An EU-focused analysis of drug supply on the online anonymous marketplace ecosystem


Online anonymous marketplaces are a relatively recent technological development that enables sellers and buyers to transact online with far stronger anonymity guarantees than on traditional electronic commerce platforms. This has led certain individuals to engage in transactions of illicit or illegal goods.

This reports presents an analysis of the online anonymous marketplace data collected by Soska and Christin [13] over late 2011–early 2015. In this report, we focus on drug supply coming from the European Union. Keeping in mind the limitations inherent to such data collection, we found that, for the period and the marketplaces considered:

  • EU-based suppliers represented a significant share of all drug revenue—approximately 46% of all drug sales.
  • EU-originating drugs primarily came from Germany, the Netherlands, and the United Kingdom.
  • Cocaine and other stimulants altogether represented a majority of all EU-based drug sales.
  • Supply of New Psychoactive Substances (NPS) was heavily concentrated in the United Kingdom, and remained very modest with revenues in the order of EUR 3,000 per day at market peak.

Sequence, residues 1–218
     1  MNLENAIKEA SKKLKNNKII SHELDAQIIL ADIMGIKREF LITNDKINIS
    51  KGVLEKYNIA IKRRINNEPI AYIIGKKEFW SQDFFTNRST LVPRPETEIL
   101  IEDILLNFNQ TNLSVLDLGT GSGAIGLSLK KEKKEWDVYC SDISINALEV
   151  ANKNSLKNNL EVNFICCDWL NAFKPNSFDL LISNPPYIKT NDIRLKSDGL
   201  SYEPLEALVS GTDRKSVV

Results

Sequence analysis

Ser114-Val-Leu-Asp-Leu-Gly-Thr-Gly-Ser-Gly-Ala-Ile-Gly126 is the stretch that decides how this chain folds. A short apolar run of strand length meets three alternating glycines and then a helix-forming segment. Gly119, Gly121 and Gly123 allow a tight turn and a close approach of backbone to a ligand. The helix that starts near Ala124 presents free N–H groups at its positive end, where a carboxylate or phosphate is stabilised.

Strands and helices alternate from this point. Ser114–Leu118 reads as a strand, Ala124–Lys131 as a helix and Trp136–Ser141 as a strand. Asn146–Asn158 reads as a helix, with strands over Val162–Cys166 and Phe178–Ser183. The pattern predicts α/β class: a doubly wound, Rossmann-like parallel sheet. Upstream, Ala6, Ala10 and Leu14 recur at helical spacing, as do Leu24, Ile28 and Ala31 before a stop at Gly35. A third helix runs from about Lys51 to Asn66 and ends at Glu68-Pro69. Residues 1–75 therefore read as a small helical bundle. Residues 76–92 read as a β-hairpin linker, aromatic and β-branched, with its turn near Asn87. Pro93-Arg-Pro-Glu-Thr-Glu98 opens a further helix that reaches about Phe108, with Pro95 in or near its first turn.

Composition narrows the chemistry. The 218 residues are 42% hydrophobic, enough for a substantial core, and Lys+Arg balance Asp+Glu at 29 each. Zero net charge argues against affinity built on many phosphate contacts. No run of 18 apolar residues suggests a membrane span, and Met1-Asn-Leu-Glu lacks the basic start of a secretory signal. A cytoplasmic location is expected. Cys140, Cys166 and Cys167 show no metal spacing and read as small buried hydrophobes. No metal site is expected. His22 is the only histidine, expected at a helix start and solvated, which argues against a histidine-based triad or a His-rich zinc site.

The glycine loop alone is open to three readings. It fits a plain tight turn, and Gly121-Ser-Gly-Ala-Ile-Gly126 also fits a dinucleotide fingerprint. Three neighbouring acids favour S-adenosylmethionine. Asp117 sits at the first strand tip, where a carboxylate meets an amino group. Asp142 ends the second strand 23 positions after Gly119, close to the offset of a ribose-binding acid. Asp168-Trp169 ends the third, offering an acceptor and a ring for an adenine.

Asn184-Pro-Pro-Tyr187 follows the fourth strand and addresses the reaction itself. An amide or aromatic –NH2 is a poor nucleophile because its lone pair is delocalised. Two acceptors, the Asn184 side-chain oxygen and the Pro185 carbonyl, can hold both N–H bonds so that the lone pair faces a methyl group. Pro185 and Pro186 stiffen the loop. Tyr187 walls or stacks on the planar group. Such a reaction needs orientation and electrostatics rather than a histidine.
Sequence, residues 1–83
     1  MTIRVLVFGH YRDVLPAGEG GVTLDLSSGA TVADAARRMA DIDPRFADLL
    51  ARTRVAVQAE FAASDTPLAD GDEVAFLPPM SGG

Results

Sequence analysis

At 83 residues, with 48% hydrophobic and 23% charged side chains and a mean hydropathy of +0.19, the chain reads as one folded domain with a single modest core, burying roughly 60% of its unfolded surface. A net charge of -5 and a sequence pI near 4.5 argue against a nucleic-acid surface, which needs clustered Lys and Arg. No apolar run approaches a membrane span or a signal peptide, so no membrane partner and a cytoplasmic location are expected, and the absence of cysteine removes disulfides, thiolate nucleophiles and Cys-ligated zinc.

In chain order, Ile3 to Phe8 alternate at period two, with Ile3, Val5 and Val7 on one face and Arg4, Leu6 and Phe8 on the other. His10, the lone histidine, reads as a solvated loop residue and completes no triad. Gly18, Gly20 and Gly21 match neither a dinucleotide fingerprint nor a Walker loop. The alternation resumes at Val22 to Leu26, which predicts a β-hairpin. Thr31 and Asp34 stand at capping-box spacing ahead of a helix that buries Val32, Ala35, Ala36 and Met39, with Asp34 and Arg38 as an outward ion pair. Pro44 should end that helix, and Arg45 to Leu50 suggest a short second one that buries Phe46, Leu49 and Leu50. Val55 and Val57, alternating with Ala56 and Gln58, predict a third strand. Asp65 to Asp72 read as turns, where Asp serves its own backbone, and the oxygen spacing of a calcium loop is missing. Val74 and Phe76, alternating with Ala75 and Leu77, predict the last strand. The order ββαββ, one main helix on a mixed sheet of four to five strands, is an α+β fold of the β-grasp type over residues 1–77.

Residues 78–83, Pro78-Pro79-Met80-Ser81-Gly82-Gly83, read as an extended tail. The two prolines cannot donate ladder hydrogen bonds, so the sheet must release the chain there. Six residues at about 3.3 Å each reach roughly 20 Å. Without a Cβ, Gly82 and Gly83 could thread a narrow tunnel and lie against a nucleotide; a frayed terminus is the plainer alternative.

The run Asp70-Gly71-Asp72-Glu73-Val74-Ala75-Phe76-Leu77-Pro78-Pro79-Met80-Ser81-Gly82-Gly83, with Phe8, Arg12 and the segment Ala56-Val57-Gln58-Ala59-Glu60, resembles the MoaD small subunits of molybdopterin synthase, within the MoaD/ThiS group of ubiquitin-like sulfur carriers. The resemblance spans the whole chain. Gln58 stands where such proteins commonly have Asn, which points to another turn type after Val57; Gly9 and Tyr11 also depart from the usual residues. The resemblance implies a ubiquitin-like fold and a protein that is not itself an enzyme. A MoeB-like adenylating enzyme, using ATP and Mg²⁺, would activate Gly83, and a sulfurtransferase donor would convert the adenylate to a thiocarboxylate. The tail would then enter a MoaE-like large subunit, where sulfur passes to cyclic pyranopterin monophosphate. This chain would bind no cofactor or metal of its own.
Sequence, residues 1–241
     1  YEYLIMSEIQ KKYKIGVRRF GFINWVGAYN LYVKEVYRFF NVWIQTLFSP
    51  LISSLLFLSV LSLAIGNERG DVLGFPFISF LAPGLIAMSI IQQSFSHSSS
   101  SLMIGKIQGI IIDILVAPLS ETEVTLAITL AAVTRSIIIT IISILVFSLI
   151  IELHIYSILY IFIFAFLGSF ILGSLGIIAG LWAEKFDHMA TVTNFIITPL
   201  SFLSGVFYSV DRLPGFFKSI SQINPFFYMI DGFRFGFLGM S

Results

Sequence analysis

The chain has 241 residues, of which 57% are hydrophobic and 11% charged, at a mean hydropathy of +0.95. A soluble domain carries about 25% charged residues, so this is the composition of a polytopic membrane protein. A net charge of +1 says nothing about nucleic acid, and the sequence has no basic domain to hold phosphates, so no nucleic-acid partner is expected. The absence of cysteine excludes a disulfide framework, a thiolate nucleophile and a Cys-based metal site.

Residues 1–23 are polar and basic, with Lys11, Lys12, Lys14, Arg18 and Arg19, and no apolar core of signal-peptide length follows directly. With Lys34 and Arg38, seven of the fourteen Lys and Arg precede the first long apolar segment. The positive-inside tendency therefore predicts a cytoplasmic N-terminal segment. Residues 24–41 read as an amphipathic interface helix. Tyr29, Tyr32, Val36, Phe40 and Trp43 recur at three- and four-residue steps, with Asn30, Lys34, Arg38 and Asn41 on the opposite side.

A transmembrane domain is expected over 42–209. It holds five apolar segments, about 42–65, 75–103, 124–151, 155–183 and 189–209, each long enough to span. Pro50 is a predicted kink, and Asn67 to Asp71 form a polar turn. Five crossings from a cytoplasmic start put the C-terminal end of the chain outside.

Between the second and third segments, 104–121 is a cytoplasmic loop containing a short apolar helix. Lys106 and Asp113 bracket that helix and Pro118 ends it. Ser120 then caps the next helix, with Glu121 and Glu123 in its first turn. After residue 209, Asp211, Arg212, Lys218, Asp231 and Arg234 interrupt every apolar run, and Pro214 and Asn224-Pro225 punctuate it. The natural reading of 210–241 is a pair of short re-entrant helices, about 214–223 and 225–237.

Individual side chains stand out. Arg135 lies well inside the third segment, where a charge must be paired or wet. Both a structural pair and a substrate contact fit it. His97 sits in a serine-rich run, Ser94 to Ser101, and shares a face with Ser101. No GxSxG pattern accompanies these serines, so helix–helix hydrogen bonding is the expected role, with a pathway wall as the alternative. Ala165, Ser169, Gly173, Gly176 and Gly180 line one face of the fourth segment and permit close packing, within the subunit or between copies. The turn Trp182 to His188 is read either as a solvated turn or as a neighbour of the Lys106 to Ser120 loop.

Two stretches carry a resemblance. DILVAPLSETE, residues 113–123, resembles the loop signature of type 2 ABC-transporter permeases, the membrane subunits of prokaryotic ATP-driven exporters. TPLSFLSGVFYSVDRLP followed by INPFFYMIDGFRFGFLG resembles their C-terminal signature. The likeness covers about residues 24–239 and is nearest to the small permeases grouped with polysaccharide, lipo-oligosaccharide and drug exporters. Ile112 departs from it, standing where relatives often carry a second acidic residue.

• Marketplace vendors primarily catered in the retail space, but there was evidence of larger (bulk-level) sales. Volume-based discounting tended to occur, albeit at relatively modest levels.
  • Half of the vendors specialized in one type of drug; and half of the drug sellers tended to stick to a given weight echelon.

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Additional information 

This document was prepared by the author for the European Monitoring Centre for Drugs and Drug Addiction (EMCDDA) under contract CT.16.SAT.0050.1.0. It was commissioned to provide background information to inform and contribute to the drafting of the EMCDDA-Europol joint publication Drugs and the darknet: perspectives for enforcement, research and policy. While the author is professionally affiliated with Carnegie Mellon University, this work was performed as an independent consultant. This paper represents the position of the author, at the time of the writing, and not that of Carnegie Mellon University. Please note that the views, interpretations and conclusions set out in this publication are those of the author and are not necessarily those of the EMCDDA, or its partners, any EU Member State or any agency or institution of the European Union.

28 November 2017
Open access
Geographical scope: 
Nicolas Christin, Carnegie Mellon University, USA
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